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Recently, we reviewed the Sempron 2650, which is a low-TDP CPU (or APU), comparing it to the “Bay Trail-D” Celeron J1800 CPU, since both are the most inexpensive dual-core desktop processors from AMD and Intel, respectively. We also tested the A4-5000, and the Pentium J2900, which are quad-core CPUs for the same market segment. Today, we bring you the review of the Athlon 5150, a quad-core processor that also competes in the same market share. Let’s check if is it faster than the other low-cost processors we tested so far.
The Athlon 5150 is part of the “Kabini” family that uses the socket FS1b (a.k.a. socket AM1).
The AMD “Kabini” and Intel “Bay Trail-D” processors are SoC (System On a Chip) CPUs, which means they include in the chip the processing cores, the memory controller, the video controller, and also the chipset. This helps both platforms to keep their low cost and low TDP.
Figure 1 unveil the Athlon 5150 CPU.
Let’s compare the main specs of the reviewed CPUs in the next page.
[nextpage title=”The Reviewed CPUs”]
In the tables below, we compare the main features of the CPUs included in our review.
|CPU||Cores||HT||IGP||Internal Clock||Turbo Clock||Base Clock||Core||Tech.||TDP||Socket||Price|
|Athlon 5150||4||No||Yes||1.6 GHz||No||100 MHz||Kabini||28 nm||25 W||AM1||USD 50*|
|A4-5000||4||No||Yes||1.5 GHz||No||100 MHz||Kabini||28 nm||15 W||FCBGA769||USD 73**|
|Sempron 2650||2||No||Yes||1.45 GHz||No||100 MHz||Kabini||28 nm||25 W||AM1||USD 35*|
|No||Yes||2.41 GHz||2.67 GHz||100 MHz||Bay Trail-D||22 nm||10 W||FCBGA1170||USD 104**|
|Celeron J1800||2||No||Yes||2.41 GHz||2.58 GHz||100 MHz||Bay Trail-D||22 nm||10 W||FCBGA1170||USD 60**|
* Motherboards can be found starting at USD 30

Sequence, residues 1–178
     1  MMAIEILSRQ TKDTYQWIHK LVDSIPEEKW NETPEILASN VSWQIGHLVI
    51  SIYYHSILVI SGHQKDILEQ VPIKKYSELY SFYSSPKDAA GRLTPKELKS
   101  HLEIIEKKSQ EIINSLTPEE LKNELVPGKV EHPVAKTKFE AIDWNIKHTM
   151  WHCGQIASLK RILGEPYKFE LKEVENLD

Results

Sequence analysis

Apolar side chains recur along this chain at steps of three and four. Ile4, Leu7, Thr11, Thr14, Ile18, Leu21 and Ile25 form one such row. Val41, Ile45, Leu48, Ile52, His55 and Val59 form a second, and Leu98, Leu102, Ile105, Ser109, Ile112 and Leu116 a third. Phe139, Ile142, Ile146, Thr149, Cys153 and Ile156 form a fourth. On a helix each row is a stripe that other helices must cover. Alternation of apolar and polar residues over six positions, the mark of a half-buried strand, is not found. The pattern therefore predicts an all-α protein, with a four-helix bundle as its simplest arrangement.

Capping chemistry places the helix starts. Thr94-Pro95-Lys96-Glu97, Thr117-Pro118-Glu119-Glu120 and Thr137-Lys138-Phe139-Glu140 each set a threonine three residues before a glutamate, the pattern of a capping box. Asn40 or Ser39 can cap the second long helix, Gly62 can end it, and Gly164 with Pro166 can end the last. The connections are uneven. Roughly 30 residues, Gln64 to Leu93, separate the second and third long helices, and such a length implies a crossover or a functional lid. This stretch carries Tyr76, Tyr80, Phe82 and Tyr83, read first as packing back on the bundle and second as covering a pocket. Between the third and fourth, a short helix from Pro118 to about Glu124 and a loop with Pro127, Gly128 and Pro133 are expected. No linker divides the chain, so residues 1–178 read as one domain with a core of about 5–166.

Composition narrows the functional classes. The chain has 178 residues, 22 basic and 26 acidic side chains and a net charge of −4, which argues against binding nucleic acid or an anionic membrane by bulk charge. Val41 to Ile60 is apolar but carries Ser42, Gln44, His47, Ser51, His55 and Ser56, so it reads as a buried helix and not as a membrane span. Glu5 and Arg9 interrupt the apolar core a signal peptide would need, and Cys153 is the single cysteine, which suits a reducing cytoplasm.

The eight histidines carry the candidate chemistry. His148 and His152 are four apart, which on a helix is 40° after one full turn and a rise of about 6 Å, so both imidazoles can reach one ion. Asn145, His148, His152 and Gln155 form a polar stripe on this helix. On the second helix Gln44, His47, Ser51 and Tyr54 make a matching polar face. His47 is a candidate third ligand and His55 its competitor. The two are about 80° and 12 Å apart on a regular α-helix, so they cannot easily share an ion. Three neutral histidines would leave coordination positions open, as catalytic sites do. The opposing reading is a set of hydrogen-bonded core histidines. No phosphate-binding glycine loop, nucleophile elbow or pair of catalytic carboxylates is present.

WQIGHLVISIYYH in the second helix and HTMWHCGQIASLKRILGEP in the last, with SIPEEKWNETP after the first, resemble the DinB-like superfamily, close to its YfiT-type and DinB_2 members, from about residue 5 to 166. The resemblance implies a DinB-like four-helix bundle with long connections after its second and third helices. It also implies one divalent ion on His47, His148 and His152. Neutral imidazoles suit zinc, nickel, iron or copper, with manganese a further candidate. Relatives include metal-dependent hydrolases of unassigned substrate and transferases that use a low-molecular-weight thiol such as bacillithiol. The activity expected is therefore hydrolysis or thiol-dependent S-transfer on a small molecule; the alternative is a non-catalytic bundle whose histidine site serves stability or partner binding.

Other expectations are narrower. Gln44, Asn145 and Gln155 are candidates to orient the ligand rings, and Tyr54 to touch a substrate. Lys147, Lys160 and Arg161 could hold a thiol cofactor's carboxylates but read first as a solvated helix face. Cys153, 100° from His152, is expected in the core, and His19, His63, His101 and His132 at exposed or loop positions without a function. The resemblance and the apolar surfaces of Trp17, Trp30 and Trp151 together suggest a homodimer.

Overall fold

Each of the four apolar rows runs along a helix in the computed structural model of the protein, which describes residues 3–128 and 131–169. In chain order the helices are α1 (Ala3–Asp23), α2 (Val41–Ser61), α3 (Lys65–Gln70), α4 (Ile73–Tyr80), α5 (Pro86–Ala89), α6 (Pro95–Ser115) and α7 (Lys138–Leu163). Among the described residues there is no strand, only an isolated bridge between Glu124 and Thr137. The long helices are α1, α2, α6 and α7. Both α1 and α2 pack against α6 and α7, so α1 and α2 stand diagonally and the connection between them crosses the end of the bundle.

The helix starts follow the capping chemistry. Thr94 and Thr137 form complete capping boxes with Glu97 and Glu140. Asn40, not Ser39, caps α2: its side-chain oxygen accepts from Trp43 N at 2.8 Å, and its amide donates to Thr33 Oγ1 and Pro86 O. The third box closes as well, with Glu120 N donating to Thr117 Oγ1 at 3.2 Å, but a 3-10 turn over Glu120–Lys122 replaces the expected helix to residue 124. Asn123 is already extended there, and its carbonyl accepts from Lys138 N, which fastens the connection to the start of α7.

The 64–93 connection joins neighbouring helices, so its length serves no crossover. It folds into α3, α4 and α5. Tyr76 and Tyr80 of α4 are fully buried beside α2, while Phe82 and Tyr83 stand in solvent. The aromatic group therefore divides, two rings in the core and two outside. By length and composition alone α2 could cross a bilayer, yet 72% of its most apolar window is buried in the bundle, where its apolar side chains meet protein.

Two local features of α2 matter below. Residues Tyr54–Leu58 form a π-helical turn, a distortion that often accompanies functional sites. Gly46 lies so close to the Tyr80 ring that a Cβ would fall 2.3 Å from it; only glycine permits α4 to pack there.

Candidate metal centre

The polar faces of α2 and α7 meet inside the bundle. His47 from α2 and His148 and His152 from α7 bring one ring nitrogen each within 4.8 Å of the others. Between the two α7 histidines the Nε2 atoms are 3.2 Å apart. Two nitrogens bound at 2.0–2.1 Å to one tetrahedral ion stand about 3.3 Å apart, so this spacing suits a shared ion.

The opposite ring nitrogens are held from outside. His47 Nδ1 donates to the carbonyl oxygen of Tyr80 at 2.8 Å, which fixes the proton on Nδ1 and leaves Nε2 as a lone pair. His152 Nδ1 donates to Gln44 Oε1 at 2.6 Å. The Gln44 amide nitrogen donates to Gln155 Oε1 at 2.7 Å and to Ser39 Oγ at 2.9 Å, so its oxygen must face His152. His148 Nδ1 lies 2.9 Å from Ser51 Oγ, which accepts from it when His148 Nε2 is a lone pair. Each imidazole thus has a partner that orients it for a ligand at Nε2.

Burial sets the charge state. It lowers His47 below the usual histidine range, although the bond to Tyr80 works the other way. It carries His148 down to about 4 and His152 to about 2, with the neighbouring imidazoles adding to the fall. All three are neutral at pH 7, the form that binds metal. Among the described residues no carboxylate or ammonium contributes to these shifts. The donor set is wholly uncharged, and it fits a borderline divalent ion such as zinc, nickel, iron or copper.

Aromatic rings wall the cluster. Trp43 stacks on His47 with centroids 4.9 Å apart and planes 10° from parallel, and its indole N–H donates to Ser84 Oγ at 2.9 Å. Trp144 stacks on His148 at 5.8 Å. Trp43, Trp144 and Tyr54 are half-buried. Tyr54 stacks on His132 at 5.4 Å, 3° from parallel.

** The price includes the motherboard, since this CPU is soldered to the motherboard
Prices were researched at Newegg.com on the day we published this review. TDP stands for Thermal Design Power and states the maximum amount of heat the CPU can dissipate.
Below you can see the memory configuration for each CPU.
|CPU||L2 Cache||L3 Cache||Memory Support||Memory Channels|
|Athlon 5150||2 MiB||No||Up to DDR3-1600||One|
|A4-5000||2 MiB||No||Up to DDR3-1600||One|
|Sempron 2650||1 MiB||No||Up to DDR3-1333||One|
|Pentium J2900||2 MiB||No||Up to DDR3-1333||Two|
|Celeron J1800||1 MiB||No||Up to DDR3-1333||Two|
Below we have a quick comparison of the video engine of the CPUs.
|Athlon 5150||Radeon R3||11.2||600 MHz||128|
|A4-5000||Radeon HD 8330||11.1||500 MHz||128|
|Sempron 2650||Radeon R3||11.2||400 MHz||128|
|Pentium J2900||Intel HD||11||688/896 MHz||4|
|Celeron J1800||Intel HD||11||688/792 MHz||4|
[nextpage title=”How We Tested”]
During our benchmarking sessions, we used the configuration listed below. Between our benchmarking sessions, the only variable device was the CPU being tested and the motherboard, which had to be replaced to match the different CPU sockets.
- Motherboard (Athlon 5150 and Sempron 2650): ASUS AM1M-A
- Motherboard (A4-5000): ASRock QC5000-ITX
- Motherboard (Pentium J2900): ASRock Q2900M
- Motherboard (Celeron J1800): ASRock D1800M
- CPU Cooler: Intel/AMD stock
- Memory: 8 GiB DDR3-2133, two G.Skill Ripjaws F3-17000CL9Q-16GBZH 4 GiB memory modules configured at 1333 MHz or 1600 MHz depending on the CPU
- Boot drive: Kingston HyperX Fury 240 GB
- Video Card: integrated
- Video Monitor: LG Flatron W1942S
- Power Supply: Seventeam ST-550P-AM
Operating System Configuration
- Windows 7 Home Premium 64-bit
- Video resolution: 1440×900 60 Hz
- AMD driver version: 14.9
- Intel video driver version: 188.8.131.5208
- Intel Inf chipset driver version: 184.108.40.2066
We adopted a 4% error margin. Thus, differences below 4% cannot be considered relevant. In other words, products with a performance difference below 4% should be considered as having similar performance.
[nextpage title=”PCMark 8″]
PCMark 8 is a benchmarking software that uses real-world applications to measure the computer performance. We ran three tests: Home, which includes web browsing, writing, light gaming, photo editing, and video chat tests; Creative, which includes web browsing, photo editing, video editing, group video chat, media transcoding, and gaming; and Work, which runs tasks such as writing documents, web browsing, spreadsheets, editing, and video chatting. Let’s analyze the results.
The Athlon 5150 achieved a score 5.7% higher than the A4-5000, 28% higher than the Sempron 2650, 12% higher than the Celeron J1800, and similar to the Pentium J2900 in the Home test.